Presumably what Jesus is teaching here is that our gift of words is driven by the heart, for good and for ill, for blessing and in woundedness. Feelings come from the heart. Love, hate, fear, disappointment, hurt. It is the place where we feel the stirrings of the Holy Spirit and the invasions of the Father of Lies. The heart is the strong center of our faith, and easily hurt. How many evils listed above come from a bruised heart, a heart that can’t open to God, and at least periodically that happens to all of us. An accusation or slight can crush us. And we will react. In Grace we will turn in prayer to Christ for comfort. But more likely it opens the possibility of angry words or words of pain and resentment. Most of us can avoid murder. But slander and false witness can easily come from two people rubbing up against each other in a tight knit community. It happens. Business models, complete with Venn diagrams and rules for interpersonal relations, may skirt the more egregious sins on the list in Matthew by calming the discourse, but they aren’t the cure for our human brokenness. Only Jesus is. And he forgives and heals. And I think that is what Jesus is teaching us, even warning us. But I don’t think he is offering us a weapon to use against each other’s weakness and occasional failure.
I have a new sympathy for the community in Corinth, having observed parish life for some time. And for Paul’s impatience. We, too, are swamped with changing theologies and social behavior and trending strategies and celebrity gurus. Rules and boundaries feel safe. They protect us from that tsunami of chaotic notions. But taken too far they become idols in and of themselves. Feeling the call to live a Jesus centered life, I believe we must be careful not to fall into the sin of Biblical literalism any more than we should uncritically embrace the political trend of the day. How we live in true Christian community, the kind we imagine erupted in the first three centuries, in a post-Modern world is problematic. Are we struggling to define ourselves blindly through Scripture? Are we growing in Christ or running scared? Yes, the words of the Gospels can themselves be skewed and weaponized. If we could live the Way of Love at all times we would be better placed to discern the will of the Spirit. But the Kingdom hasn’t come yet. Until then we struggle together, with kindness interspersed with moments of pain, frustration, and anger. As we try to listen to the Spirit in our hearts and in the hearts of each other.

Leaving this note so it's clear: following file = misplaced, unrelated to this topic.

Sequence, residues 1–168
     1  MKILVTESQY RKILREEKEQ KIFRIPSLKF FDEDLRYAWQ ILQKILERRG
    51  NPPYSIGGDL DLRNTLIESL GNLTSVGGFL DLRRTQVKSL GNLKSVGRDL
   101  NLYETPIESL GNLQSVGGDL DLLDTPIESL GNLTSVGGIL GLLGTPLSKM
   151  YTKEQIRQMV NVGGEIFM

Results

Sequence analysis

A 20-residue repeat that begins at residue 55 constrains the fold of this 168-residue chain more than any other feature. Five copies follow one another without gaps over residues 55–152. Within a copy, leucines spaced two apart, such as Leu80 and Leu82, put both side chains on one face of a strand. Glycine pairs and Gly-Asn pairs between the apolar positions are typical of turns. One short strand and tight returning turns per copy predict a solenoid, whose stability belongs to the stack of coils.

Dr. Dana Kramer-Rolls is a parishioner at All Souls Parish, Episcopal, Berkeley, California and earned her master’s degree and PhD from the Graduate Theological Union, Berkeley, California.